As shown in FIGS. 8 and 9, the induction coil is preferably arranged outside the cylindrical heating element so as to be spaced as equal as possible from the heating element. That is, when intensity of the magnetic field around the heating element is uniform, the heating element can generate heat uniformly, whereby the mouth portion and the upper end portion can be bonded together securely. In particular, the reason why the uniform heat release is required is that the wall of the upper end portion of the bag is thinner than that of the mouth portion, and therefore in the section in which the heat release is great, pinholes are liable to be formed; the section in which the heat release is small is liable to be poorly bonded.
In addition, it is preferred that the high-frequency current is caused to flow through the induction coil in a pulse state. When the high-frequency current is caused to flow in the induction coil in the pulse state, the resins in the vicinity of the heating element can be gradually melted and bonded under pressure, and therefore the mouth portion having the great wall thickness can be bonded securely to the upper end portion having the small wall thickness.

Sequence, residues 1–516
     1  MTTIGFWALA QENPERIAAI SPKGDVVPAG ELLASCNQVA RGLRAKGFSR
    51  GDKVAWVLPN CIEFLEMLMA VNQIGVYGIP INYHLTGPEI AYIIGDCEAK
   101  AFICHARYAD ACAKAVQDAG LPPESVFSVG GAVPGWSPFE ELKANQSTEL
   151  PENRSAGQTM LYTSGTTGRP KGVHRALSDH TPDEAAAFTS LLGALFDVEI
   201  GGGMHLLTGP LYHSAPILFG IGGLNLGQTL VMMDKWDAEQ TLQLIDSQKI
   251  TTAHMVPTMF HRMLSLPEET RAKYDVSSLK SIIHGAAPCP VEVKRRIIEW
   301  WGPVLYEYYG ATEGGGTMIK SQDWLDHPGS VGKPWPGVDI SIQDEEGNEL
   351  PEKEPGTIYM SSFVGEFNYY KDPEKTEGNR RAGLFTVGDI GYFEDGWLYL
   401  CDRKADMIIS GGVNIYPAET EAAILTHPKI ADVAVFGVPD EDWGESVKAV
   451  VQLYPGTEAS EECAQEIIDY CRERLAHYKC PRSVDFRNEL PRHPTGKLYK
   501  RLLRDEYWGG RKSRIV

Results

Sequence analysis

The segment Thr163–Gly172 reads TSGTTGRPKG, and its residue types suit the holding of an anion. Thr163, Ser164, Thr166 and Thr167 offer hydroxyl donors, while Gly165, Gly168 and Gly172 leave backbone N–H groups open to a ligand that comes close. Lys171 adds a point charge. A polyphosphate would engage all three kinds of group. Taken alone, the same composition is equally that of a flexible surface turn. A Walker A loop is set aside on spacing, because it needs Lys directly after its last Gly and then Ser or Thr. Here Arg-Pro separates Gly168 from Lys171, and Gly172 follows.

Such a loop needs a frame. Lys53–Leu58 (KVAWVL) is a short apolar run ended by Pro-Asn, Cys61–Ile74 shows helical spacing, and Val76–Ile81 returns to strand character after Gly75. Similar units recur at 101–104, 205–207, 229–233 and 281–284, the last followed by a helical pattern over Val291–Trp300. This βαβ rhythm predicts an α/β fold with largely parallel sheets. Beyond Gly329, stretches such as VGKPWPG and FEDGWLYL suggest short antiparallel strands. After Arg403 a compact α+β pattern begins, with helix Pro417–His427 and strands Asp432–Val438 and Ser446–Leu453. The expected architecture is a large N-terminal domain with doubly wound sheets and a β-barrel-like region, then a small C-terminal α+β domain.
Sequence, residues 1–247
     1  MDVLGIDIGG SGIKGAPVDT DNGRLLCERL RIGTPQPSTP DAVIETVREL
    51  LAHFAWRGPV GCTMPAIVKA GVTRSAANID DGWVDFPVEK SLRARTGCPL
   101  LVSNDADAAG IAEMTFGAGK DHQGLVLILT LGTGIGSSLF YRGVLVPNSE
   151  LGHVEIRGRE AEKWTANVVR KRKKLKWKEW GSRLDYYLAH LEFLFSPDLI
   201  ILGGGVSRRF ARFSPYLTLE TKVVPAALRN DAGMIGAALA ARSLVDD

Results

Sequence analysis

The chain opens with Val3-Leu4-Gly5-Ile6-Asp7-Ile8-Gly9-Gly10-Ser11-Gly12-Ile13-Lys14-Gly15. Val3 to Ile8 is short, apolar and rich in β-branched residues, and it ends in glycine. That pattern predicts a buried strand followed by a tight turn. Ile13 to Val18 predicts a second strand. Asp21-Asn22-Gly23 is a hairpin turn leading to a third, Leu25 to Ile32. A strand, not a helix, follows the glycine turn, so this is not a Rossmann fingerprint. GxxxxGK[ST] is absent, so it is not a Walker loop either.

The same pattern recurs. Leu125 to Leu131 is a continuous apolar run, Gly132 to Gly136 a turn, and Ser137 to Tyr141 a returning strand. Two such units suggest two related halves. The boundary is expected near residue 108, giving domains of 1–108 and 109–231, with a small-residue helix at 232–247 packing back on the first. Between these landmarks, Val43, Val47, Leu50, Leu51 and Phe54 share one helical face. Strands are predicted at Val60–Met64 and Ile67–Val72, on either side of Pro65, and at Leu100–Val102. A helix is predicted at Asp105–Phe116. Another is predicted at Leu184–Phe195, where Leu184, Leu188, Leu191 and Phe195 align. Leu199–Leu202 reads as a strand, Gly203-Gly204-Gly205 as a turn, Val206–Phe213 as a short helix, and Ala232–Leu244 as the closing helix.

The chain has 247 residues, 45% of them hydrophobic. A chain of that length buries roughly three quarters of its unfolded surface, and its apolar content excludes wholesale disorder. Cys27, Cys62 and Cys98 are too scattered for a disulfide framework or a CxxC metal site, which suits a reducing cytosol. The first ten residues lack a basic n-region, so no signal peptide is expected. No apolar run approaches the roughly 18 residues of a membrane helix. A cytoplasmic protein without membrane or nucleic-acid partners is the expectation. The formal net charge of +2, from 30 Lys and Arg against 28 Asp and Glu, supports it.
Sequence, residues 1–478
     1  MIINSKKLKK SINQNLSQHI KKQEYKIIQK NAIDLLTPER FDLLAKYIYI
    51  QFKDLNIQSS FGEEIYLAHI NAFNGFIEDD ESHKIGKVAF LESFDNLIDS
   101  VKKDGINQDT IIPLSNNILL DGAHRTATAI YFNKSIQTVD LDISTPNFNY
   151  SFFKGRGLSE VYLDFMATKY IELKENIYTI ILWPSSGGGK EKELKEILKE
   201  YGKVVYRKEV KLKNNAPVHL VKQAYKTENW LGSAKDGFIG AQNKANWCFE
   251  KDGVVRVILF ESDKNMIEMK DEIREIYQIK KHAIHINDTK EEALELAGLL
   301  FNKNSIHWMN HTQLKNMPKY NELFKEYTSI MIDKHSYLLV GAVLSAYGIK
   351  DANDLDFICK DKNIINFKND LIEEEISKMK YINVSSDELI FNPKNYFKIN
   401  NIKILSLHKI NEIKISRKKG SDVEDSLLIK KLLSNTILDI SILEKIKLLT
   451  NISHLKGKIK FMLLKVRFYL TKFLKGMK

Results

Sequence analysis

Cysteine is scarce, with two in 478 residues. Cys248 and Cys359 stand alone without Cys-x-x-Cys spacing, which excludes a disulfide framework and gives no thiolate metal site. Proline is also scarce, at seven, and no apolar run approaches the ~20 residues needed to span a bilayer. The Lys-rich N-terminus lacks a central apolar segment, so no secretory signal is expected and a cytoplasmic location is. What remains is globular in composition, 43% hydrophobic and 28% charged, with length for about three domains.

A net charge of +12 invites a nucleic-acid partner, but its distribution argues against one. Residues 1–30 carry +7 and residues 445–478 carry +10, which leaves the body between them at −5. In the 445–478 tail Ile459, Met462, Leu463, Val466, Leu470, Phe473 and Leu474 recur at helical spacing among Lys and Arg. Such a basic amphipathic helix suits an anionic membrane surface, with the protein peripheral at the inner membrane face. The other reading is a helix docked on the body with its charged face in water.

A drug such as an infusion fluid is poured into the medical bag 1, and the latter is then sterilized by autoclave sterilization. Alternatively, this medical bag 1 is sterilized by ethylene oxide gas (EOG) sterilization, and afterward ED, the powder of an antibiotic or the like, or a liquid drug in which ED or the powder of an antibiotic or the like is dissolved is poured sterilely into the medical bag 1, followed by sealing the mouth portion 2.
A linear low-density polyethylene was inflation-molded to obtain a tubular sheet having a diameter of 130 mm and a wall thickness, of 0.25 mm. This tubular sheet was then cut so as to have a length of 250 mm. On the other hand, a mouth member having a structure shown in FIG. 7 was formed from a high-density polyethylene by insert molding, and a stainless steel mesh heating element was then mounted on the mouth member. One end portion (lower end portion) of the tubular sheet was thermally bonded by heat sealing. Afterward, the above mouth member was inserted into the other end portion (upper end portion) of the tubular sheet. A nonmagnetic ceramic support was inserted into the inside portion of the mouth member, and pressure was then applied from the outside by a nonmagnetic ceramic pressing member. The thus assembled bag was then placed in a high-frequency magnetic field, and at this time, the bond surfaces of the mouth member and the tubular sheet in the vicinity of the stainless steel mesh were melted, so that the mouth member and the tubular sheet were bonded to each other. Afterward, the remaining unbonded portion of the upper end portion of the tubular sheet was thermally bonded by a heat sealing process in order to prepare a bag for an infusion fluid.